The Spring 2020 issue brings together essays. stories, poetry and artwork creating a new culture of restoration.
Our seventeenth issue is built around the theme of restoration and renewal.
At the dawn of the 2020s we sense a change of chapter. After a decade of broken environmental and climatic records, after a year and a half of Extinction Rebellion protests and school strikes, after the worst bushfires in Australian history devastated over 170,000 km2 of land and killed an estimated billion animals, after the ‘insect apocalypse’ and the endemic microplastics and the die-off of the Great Barrier Reef, there are signs that the full dismal horror of our environmental situation is beginning to penetrate the public consciousness.
Since this book went to press, a pandemic has swept across the world, shaking the global economy and clearing skies of pollution and cities and highways of traffic. The absence of ‘business as usual’ has revealed what happens when the merry-go-round of industrial progress stops and people encounter the existential territory Dark Mountain has been charting since our first issue came out in 2009.
In this new collection we continue to hold open a space for stories that speak to the reality of being human in these strange times, for art and writing that helps us mourn for all that is being lost, to listen to the quiet voices of particular places. But we also explore new aspects of our global predicament, foregrounding fresh ideas, images and insights that might provide us with the hope that arises once the grieving has been honoured.
That might answer the book’s core questions: How can we live? What can be saved? What beauty and life might yet grow from the fallen trunk of this civilisation?
In these pages, you will hear of how rivers can be helped to run again and hearts helped to heal; landscapes rewilded and broken bowls mended. You can witness the regenerative power in an abused piece of ex-industrial ground and the resilience of the human spirit in times of flood, war or sickness; testimonies from Iraqi marshes, Munich parks, Canadian forests and Japanese dormitories; and tales of rebellious communities, revivifying storms and rejuvenated pigs. You can follow the peregrinations of ancient peoples as they sought refuge and revelation, and to take an astronomical perspective on our small world’s happenings.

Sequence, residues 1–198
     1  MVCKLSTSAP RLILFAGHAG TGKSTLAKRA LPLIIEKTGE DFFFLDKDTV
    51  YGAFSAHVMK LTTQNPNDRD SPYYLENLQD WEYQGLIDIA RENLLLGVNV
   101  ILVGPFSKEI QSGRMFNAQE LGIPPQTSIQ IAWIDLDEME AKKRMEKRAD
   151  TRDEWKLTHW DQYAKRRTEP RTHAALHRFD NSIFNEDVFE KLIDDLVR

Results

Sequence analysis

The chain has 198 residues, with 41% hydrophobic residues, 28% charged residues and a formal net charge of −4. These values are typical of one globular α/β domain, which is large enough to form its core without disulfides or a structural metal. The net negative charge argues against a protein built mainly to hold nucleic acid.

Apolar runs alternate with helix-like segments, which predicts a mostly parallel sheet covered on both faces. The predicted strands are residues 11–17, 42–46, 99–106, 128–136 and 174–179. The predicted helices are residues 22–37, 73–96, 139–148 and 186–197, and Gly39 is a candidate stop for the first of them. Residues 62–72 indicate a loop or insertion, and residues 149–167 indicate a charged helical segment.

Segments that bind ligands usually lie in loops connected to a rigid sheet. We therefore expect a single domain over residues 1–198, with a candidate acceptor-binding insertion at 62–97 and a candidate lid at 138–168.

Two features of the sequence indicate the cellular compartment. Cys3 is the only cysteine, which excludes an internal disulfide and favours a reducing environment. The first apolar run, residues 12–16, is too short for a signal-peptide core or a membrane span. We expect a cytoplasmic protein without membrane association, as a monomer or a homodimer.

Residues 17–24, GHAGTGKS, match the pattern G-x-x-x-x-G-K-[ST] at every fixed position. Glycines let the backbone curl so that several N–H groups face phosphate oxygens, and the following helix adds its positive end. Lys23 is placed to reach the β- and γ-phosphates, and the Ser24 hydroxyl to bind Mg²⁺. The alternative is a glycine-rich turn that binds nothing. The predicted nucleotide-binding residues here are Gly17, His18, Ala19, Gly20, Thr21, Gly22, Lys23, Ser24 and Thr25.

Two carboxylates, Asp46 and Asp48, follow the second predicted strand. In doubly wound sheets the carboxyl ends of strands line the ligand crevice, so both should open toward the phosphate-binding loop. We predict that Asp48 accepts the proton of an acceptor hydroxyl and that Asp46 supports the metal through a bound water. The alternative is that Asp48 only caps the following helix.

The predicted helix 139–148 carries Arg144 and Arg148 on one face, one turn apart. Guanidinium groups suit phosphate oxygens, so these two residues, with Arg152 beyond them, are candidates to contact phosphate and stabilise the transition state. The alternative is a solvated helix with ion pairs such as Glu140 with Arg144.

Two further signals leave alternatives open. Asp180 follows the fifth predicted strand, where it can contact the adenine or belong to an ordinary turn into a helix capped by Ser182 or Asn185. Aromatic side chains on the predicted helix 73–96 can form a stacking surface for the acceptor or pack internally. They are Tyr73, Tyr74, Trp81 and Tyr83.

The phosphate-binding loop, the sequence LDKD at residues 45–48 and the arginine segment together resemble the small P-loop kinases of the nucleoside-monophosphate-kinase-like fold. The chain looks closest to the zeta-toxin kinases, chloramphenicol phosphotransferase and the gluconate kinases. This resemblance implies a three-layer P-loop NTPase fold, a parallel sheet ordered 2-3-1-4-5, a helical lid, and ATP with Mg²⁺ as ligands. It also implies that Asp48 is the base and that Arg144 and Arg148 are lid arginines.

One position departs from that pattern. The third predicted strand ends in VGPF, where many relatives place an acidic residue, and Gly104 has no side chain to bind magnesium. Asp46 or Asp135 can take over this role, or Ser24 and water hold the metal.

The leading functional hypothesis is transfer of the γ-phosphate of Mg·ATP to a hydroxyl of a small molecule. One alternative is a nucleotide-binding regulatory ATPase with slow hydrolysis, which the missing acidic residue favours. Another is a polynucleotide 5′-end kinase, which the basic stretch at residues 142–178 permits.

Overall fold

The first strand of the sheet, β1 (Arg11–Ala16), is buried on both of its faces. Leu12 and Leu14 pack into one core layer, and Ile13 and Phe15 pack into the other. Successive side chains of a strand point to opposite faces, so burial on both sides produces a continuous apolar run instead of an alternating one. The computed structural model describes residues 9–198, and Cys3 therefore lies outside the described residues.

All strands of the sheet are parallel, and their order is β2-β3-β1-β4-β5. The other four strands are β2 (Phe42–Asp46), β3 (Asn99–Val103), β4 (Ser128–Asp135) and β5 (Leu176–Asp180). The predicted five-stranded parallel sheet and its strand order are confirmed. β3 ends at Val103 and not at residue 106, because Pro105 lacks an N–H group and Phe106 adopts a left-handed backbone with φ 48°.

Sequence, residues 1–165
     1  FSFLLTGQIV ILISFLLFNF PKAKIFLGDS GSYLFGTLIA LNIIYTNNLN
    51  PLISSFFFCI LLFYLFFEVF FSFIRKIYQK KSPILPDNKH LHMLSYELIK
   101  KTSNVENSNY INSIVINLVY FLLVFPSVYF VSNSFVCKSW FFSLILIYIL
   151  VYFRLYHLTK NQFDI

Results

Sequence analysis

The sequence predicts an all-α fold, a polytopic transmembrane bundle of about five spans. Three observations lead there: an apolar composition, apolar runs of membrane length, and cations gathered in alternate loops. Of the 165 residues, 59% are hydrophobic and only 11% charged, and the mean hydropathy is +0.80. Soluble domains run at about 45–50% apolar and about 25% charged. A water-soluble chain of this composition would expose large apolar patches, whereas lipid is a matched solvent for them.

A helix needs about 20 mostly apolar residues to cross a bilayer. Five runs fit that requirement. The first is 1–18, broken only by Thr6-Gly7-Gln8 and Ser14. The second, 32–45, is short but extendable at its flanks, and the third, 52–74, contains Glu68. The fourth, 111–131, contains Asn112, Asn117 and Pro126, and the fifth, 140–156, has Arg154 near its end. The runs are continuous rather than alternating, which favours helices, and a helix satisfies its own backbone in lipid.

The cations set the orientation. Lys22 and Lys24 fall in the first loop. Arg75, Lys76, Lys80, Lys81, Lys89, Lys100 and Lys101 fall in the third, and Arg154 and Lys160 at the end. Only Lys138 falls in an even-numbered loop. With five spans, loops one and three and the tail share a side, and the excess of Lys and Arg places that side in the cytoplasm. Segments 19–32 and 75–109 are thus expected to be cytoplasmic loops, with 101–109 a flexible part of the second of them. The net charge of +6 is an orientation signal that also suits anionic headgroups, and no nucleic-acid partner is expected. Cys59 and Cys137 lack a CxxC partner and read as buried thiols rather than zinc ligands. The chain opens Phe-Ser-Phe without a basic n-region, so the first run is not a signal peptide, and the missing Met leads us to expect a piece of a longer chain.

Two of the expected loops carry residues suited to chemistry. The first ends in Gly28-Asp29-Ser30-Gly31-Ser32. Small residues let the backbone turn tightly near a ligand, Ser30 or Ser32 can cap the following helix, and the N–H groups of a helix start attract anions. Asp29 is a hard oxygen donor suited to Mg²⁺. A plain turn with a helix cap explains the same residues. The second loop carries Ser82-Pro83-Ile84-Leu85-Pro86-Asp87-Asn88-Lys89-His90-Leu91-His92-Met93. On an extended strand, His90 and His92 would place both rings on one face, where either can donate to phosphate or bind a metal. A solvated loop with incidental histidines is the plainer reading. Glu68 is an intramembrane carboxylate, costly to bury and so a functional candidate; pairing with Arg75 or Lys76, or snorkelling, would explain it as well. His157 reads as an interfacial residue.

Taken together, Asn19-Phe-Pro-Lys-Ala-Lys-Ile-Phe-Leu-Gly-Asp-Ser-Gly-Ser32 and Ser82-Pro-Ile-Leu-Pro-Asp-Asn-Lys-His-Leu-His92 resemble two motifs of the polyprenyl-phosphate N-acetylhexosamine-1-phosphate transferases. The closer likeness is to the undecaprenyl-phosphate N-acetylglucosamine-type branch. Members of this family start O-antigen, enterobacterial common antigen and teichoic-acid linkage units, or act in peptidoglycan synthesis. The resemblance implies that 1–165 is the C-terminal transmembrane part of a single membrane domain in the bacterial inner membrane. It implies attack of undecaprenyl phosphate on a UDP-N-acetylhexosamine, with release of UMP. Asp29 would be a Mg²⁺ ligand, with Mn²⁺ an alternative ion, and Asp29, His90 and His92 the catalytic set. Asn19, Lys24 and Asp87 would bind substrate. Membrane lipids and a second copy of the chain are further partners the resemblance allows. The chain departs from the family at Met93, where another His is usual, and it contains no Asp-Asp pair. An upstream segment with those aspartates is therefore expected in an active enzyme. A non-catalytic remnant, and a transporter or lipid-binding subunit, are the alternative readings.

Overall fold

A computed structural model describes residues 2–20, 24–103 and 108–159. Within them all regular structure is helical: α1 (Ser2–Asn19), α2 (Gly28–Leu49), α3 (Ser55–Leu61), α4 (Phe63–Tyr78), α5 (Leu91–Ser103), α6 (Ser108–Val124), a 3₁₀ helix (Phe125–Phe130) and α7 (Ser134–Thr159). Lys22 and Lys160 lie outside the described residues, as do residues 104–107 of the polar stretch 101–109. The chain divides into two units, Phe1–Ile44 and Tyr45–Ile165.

Restoration has its roots in humbleness, in the ability to attend to the reality of these times; so that we might see opportunity within the grim crises that are unfolding; to find useful work to be done in service of life and truth; to tend the much-abused garden of our world back towards health and wholeness, alert to the realisation that what we had dismissed as weeds were actually the first shoots of new growth.
Writers in the field: Jemma Borg, Jennifer Case, Cate Chapman, Mike Cipra, Caleb Cohen, Sylvie Decaux, Alex Diggins, Paul Feather, Tim Fox, Peter Friederici, Alex Friedrich, Siana Fitzjohn, Neale Inglenook, Monika Kostera, Michael Leung, Rob Lewis, Jane Lovell, Robert McGahey, Matt Miles, Mari Fallet Mosand, Eric Nicholson, Samuel Osborn, Mat Osmond, Kathleen Palti, Nina Pick, Kerry Priest, Sam Robinson, Christy Rogers, Lucy Ann Smethurst, Kollibri Terre Sonnenblume, Robert Lee Thornton, Charlotte Watson, Sam Robinson, Lori Michelle Wells, Will Wlizlo.
Artists in action: Chris Booth, Jane Cipra, Miles Glyn, Susan Jowsey, Emily Joy, Anna Mayo, Richard Metz, Sarah Misselbrook, Mari Fallet Mosand, Caroline Ross, Meridel Rubenstein, Jordan Tierney, Kate Walters, Kate Williamson, Julie Williams.
Dark Mountain: Issue 17 was edited by Cate Chapman (poetry), Neale Inglenook, Eric Robertson and Steve Wheeler. Art and production: Charlotte Du Cann
Cover: ‘Violet Storm’ by Kate Williamson
Dark Mountain: Issue 17 is a hardback book, 243 pages long, printed on FSC-certified paper
|Dimensions||24 × 16 × 3 cm|